When Philip Roth’s novel Portnoy’s Complaint was first published in the United States in 1969, it really did, as they say, “cause a sensation”. After just one week it was a nationwide bestseller, and The New York Timesdescribed it as “potentially monumental in effect”. This was because the book – told in the form of a long confession to a psychoanalyst – let loose a near-incredible amount of exuberant and anguished truth about sex. Poor Alexander Portnoy longs to get away from the rules and restrictions, the orthodoxies, that They – family, community, religion – always try to make about sex, or about anything. But as soon as he tries to take more pleasure, he finds it horribly hard to keep enough control over himself, and feels a desperate need to go back, to be with the family, the community, again. (“Dignity! Health! Love! Industry! … What the hell do I care about sensational sex?”) And Roth delivered all this complaint, this sad and comic permanent human trouble, in a language that was sometimes like what you’d ordinarily get in a novel, and sometimes in language that was the opposite. (“Doctor … they all have cunts! Cunts—for fucking!”)
And you may well imagine what happened when a load of that landed in Australia, at a time when culture in this country was still controlled by old, conservative Protestant and Catholic “family men”. Patrick Mullins’ new book, The Trials of Portnoy (Scribe), tells the true story of how Portnoy’s Complaint was declared illegal throughout the Commonwealth, and how, eventually, it became a book we were allowed to own and read. Mullins is shrewd about the whole long history of Australian over-censorship, and why we, predominantly a group of white Britons down the bottom of Asia, were so obsessed with staying “clean”, and so frightened of losing social and sexual control. (We ran an embarrassingly strict system, banning everything from Balzac’s novels to The Catcher in the Rye.) But Mullins also shows how we started to say, more and more: please, let literature free. Let us have it. Let literature be a way to properly recognise what is always in the human, any human.
By the end of 1970, Portnoy’s Complaint was banned in almost every state, and, at long last, quite large parts of the Australian business and professional establishment had had enough. Mullins tells exactly how Penguin Australia made a secret plan to print the book, get it to booksellers and out on sale, before the vice squads even knew what was happening. And, in a series of particularly well-researched, finely detailed chapters, Mullins takes us into the courtrooms in Victoria, New South Wales, Queensland and Tasmania, where one thunderous prosecutor after another fought and fought to keep Roth’s book forbidden. Mullins brings off the job of keeping enough suspense in a story where you know what the end is going to be. The real treat of The Trials of Portnoy though, is to see how many people were willing to stand up in court and make the always difficult argument for literature. The defendants at the Portnoy trials argued that the book should be permitted because it had “literary merit”: it wasn’t good, or needed, just because it told a bunch about sex, but because it also told enough of what can be frightening, even tragic, in pleasure. Fifty years later, in a very different world, a world of trolls and memes, fake news and Pornhub, we need every chance we can get to think again about pleasure, and restraint; what literature does; what good culture is, and isn’t. The unexpected lesson of the fight for Portnoy, and of this book, is that all those trials were as much an argument for self-control, self-examination, as they were for any kind of freedom.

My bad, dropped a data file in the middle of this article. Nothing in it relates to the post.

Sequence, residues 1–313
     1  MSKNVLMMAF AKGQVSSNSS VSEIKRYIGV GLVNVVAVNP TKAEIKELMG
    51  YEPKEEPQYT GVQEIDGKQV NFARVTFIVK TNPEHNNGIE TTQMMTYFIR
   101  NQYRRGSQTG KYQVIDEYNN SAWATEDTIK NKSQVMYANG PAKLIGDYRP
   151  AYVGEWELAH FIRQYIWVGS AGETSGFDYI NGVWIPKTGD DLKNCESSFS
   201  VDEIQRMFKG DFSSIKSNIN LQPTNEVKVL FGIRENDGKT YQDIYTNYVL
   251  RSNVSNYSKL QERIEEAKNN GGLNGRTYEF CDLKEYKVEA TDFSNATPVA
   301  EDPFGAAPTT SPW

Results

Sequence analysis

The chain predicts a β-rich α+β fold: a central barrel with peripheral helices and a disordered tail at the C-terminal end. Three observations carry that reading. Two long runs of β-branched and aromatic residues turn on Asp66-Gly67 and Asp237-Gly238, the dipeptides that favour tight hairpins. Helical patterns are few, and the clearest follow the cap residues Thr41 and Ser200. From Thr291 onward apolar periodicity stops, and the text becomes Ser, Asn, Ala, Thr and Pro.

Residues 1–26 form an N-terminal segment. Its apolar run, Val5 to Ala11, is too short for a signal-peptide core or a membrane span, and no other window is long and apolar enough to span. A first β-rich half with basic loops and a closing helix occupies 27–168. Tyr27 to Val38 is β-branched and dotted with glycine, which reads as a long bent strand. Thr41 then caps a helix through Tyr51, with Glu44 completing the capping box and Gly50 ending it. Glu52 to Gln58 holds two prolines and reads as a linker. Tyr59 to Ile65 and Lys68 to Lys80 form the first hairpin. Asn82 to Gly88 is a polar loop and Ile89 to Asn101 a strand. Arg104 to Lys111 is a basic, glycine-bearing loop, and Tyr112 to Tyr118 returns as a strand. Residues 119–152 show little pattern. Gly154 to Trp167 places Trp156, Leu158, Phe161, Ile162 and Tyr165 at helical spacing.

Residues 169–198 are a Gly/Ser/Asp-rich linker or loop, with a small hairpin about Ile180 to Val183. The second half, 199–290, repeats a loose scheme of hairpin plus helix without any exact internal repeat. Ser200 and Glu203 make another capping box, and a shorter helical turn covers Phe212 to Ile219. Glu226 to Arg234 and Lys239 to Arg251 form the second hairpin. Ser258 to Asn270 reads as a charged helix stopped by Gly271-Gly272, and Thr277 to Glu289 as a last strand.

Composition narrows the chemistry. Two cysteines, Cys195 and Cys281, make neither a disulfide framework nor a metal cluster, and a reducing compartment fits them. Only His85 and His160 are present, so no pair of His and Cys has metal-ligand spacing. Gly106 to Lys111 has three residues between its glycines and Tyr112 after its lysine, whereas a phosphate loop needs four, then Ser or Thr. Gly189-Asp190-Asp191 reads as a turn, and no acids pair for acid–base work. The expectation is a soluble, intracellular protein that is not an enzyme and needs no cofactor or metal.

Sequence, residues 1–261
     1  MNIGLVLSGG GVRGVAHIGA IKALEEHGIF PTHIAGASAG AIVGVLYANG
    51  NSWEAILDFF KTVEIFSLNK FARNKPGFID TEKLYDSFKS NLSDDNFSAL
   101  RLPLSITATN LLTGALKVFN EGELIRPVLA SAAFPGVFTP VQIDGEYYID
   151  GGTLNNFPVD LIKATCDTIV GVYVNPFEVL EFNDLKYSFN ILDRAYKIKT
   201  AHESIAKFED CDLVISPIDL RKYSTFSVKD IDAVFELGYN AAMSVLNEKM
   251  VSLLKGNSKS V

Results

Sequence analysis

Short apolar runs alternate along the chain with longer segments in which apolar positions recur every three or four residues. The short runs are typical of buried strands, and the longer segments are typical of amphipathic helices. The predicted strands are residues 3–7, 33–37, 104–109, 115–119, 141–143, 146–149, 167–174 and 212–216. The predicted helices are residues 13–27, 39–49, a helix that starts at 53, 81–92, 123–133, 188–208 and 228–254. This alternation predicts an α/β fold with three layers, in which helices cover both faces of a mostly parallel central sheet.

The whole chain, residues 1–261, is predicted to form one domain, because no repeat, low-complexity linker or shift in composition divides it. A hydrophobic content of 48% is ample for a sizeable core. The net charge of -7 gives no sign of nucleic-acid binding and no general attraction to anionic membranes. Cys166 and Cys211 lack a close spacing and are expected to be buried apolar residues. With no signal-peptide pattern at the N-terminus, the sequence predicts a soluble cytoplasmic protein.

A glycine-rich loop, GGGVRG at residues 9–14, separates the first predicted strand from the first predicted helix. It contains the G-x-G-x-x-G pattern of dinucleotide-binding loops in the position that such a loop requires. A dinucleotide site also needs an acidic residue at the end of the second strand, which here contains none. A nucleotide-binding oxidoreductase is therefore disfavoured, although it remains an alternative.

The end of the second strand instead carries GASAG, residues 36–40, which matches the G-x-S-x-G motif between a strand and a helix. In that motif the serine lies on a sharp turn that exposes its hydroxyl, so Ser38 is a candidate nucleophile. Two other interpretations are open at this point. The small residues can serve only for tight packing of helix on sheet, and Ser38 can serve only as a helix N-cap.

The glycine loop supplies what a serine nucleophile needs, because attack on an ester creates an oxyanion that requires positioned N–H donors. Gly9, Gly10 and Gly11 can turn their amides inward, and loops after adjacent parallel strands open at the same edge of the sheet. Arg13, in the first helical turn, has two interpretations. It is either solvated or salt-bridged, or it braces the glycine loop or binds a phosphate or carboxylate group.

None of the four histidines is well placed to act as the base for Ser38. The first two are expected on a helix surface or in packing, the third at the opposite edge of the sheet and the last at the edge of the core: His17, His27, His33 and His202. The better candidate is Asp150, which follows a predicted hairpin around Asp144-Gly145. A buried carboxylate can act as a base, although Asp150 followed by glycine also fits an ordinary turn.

There is nowhere quite like The Monthly. We are told that we live in a time of diminished attention spans; a time where the 24-hour-news-cycle has produced a collective desire for hot takes and brief summaries of the news and ideas that effect us. But we don’t believe it. The need for considered, reflective, long-form journalism has never been greater, and for almost 20 years, that’s what The Monthly has offered, from some of our finest writers.
That kind of quality writing costs money, and requires the support of our readers. Your subscription to The Monthly allows us to be the home for the best, most considered, most substantial perspectives on the state of the world. It’s Australia’s only current affairs magazine, an indispensable home for cultural commentary, criticism and reviews, and home to personal and reflective essays that celebrate and elevate our humanity.
The Monthly doesn’t just comment on our culture, our society and our politics: it shapes it. And your subscription makes you part of that.
Select your digital subscription